It has been only in more recent studies that a dose-response effect has been observed in premenopausal women, especially nonsmokers and women who are heavier, and in postmenopausal women who used hormone therapy, Cramer said. A dose-response means that a woman’s risk for ovarian cancer appeared to increase the longer she used talc on her genitals or the more applications she had used over time, he explained.

One factor that has been hard for researchers to quantify is how much talc each woman uses in each application, and how much of it gets into the vagina, Cramer told Live Science. [5 Myths About Women’s Bodies]

Talc is a potent inflammatory agent, and chronic inflammation may predispose a person to cancer, said Cramer, who served as an expert witness in one of the recent court cases and provided written testimony in another. He said that pathologists who have examined tissue from the ovaries of cancer patients under a microscope have found that there is talc in the tissue. The mineral has also been found in women who don’t have ovarian cancer; talc can be found in tissue from lymph nodes in women who have used talcum powder on their genitals.

The exact mechanism by which talc may promote the development of ovarian cancer in women is not known. But Cramer said he suspects that when talc is applied to the genitals, the mineral’s particles can get into the vagina and eventually make their way into the upper genital tract, where the ovaries are located. Once there, talc can induce a potent inflammatory response and probably disrupt the immune system, he said.

Hormones, such as estrogen, may also play a role in the development of ovarian cancer in some women who use talc, but more studies are needed to tease out this effect, Cramer said.

Focus on other risks.

The scientific evidence for a link between women’s use of talcum powder and ovarian cancer is not that strong, said Dr. Sarah Temkin, an associate professor of gynecological oncology at the Johns Hopkins School of Medicine in Baltimore. Two newer prospective studies have failed to show any difference in ovarian cancer risk between women who used talc on their genitals and those who never did so, she said.

The older studies that suggested an increased risk tended to be case-control studies, which are open to more bias because they involve asking women to recall their use of powder after they have been diagnosed with cancer, Temkin said.

She said she does not think the evidence is strong enough to warrant forcing manufacturers to place a warning label on talcum powder to alert women to a possible health risk from using the product.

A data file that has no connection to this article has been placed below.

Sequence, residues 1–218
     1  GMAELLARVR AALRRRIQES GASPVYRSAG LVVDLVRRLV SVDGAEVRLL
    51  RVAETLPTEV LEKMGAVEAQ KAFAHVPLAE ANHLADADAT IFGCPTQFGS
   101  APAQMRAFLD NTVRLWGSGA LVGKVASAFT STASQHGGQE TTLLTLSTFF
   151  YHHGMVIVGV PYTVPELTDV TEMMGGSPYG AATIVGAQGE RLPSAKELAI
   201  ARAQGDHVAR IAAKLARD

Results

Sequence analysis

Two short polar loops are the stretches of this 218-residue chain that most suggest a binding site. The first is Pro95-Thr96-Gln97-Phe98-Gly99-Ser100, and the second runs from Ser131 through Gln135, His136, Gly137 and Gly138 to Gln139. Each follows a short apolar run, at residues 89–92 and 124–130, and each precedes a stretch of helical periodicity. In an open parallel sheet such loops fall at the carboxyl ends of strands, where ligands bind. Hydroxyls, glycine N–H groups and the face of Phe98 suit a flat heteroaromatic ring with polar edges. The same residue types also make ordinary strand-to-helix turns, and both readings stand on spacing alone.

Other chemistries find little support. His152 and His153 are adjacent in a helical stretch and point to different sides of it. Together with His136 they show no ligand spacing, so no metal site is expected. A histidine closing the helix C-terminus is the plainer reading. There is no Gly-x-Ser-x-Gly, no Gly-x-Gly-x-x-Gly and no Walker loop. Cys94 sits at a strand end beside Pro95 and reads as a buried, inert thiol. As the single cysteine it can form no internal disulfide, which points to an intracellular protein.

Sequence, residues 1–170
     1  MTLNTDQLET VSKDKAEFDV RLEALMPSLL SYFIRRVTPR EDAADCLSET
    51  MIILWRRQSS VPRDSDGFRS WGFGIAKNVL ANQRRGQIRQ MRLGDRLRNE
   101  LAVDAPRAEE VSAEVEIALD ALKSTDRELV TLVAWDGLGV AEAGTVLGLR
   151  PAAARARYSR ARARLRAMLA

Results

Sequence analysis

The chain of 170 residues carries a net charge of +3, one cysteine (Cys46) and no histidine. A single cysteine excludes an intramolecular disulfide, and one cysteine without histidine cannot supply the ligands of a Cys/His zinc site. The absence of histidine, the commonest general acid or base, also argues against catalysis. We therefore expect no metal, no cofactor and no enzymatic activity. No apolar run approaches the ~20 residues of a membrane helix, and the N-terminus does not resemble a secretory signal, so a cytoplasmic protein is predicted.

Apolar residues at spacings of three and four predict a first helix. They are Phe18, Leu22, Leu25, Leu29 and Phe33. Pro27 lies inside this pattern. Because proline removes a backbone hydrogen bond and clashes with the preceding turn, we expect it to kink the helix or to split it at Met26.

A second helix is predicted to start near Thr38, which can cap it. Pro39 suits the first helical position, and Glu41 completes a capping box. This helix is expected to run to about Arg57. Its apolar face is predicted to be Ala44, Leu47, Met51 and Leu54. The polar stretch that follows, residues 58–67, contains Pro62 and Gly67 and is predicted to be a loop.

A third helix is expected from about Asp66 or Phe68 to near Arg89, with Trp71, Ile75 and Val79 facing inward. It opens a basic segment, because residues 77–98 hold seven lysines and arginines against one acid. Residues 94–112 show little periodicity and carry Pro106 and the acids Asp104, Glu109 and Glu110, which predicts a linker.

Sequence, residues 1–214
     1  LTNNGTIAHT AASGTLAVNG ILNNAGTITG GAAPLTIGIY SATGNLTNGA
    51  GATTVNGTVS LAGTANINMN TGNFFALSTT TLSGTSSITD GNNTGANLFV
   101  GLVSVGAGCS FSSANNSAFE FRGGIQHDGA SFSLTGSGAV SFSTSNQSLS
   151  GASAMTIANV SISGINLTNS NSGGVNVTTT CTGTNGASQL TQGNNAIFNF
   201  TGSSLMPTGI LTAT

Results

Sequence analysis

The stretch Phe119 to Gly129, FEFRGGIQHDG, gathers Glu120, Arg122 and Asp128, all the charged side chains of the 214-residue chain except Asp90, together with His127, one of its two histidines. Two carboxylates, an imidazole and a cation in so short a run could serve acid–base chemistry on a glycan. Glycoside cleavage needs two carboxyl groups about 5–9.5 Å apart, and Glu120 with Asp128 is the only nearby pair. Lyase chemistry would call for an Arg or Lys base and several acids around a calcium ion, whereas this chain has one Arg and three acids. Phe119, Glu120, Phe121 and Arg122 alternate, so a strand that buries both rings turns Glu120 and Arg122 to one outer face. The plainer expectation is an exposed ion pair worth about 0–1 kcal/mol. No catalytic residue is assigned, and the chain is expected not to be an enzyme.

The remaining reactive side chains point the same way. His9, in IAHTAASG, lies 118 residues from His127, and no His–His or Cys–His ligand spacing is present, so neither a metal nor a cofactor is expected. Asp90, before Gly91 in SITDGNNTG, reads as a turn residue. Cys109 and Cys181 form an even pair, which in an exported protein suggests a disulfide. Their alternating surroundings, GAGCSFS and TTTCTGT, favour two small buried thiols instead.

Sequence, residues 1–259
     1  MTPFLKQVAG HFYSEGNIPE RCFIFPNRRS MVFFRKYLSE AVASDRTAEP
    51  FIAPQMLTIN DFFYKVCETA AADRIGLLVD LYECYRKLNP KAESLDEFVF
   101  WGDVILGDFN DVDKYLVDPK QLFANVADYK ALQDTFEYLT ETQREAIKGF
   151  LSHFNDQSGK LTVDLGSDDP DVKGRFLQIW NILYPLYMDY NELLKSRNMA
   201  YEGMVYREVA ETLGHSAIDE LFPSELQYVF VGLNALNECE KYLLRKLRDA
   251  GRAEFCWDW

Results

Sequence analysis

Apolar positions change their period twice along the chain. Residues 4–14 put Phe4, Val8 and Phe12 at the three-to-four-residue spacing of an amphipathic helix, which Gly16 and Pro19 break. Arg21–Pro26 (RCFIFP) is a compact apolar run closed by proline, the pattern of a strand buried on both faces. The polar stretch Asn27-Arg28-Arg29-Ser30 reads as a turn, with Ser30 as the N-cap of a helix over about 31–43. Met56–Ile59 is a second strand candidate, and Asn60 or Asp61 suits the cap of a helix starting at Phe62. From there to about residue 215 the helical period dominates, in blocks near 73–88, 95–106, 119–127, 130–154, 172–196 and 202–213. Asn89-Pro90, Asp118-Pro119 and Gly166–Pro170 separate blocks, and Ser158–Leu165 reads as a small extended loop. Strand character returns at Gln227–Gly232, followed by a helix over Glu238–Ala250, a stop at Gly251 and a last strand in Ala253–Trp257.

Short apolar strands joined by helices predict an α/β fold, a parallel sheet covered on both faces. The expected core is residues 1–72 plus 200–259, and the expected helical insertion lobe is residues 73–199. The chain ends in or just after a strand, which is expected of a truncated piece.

Ovarian cancer is a rare disease, and two well-established risk factors for it are a family history of ovarian cancer and a family history of breast cancer, Temkin told Live Science. Scientists have known about these two links for decades, and even so, health providers may miss the opportunity to inform women who have these risk factors about opportunities for genetic counseling, she said.

It’s also known that women who have used birth control pills for at least five years may reduce their risk for developing ovarian cancer by about 50 percent compared with women who have never used such oral contraceptives, Temkin added. [7 Surprising Facts About the Pill]

She typically does not ask her ovarian cancer patients about their talc use when taking a medical history, Temkin said, and women don’t usually ask her many questions about it. However, with news stories about recent court verdicts making headlines, two or three women have inquired about the use of talc, she said.

Friends with Ex Check Your First Motive, Science Says

Can you really stay friends with an ex? It depends on why you want to continue the relationship, a new study finds.

Staying friends with an ex is a “very pervasive phenomenon,” said lead study author Rebecca Griffith, a master’s student in psychology at the University of Kansas. Indeed, previous research suggests that about 60 percent of people maintain a friendship after a breakup, Griffith said.

But these friendships aren’t always successful.

In the study, the researchers developed a way to examine the reasons why a person might stay in a friendship after ending a romantic relationship. In one experiment, which included more than 170 women and more than 110 men, the researchers tried out this new measurement technique, which consisted of several questionnaires. In a second experiment, with nearly 300 women and nearly 250 men, the researchers confirmed that the questionnaires worked. [The Science of Breakups: 7 Facts About Splitsville]

The researchers found that are four main reasons that someone stays friends with an ex after a breakup, said Griffith, who presented the study here on Aug. 4 at the American Psychological Association’s annual meeting.